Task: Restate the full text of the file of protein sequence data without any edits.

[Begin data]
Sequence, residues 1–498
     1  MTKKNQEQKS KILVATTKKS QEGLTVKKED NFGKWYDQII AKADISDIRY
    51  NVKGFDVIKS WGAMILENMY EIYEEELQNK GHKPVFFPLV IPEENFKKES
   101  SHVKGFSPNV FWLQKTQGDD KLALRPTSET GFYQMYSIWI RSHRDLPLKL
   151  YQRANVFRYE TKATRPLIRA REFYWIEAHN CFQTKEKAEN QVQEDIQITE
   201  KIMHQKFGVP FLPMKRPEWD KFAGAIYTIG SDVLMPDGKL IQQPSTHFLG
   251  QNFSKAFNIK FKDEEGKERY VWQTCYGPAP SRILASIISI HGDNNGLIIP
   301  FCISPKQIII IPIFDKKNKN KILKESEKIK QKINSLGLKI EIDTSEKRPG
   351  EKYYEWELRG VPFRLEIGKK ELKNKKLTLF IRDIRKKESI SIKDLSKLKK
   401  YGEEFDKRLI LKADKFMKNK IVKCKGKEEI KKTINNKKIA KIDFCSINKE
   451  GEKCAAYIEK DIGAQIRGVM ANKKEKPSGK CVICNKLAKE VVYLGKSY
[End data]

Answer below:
Sequence, residues 1–498
     1  MTKKNQEQKS KILVATTKKS QEGLTVKKED NFGKWYDQII AKADISDIRY
    51  NVKGFDVIKS WGAMILENMY EIYEEELQNK GHKPVFFPLV IPEENFKKES
   101  SHVKGFSPNV FWLQKTQGDD KLALRPTSET GFYQMYSIWI RSHRDLPLKL
   151  YQRANVFRYE TKATRPLIRA REFYWIEAHN CFQTKEKAEN QVQEDIQITE
   201  KIMHQKFGVP FLPMKRPEWD KFAGAIYTIG SDVLMPDGKL IQQPSTHFLG
   251  QNFSKAFNIK FKDEEGKERY VWQTCYGPAP SRILASIISI HGDNNGLIIP
   301  FCISPKQIII IPIFDKKNKN KILKESEKIK QKINSLGLKI EIDTSEKRPG
   351  EKYYEWELRG VPFRLEIGKK ELKNKKLTLF IRDIRKKESI SIKDLSKLKK
   401  YGEEFDKRLI LKADKFMKNK IVKCKGKEEI KKTINNKKIA KIDFCSINKE
   451  GEKCAAYIEK DIGAQIRGVM ANKKEKPSGK CVICNKLAKE VVYLGKSY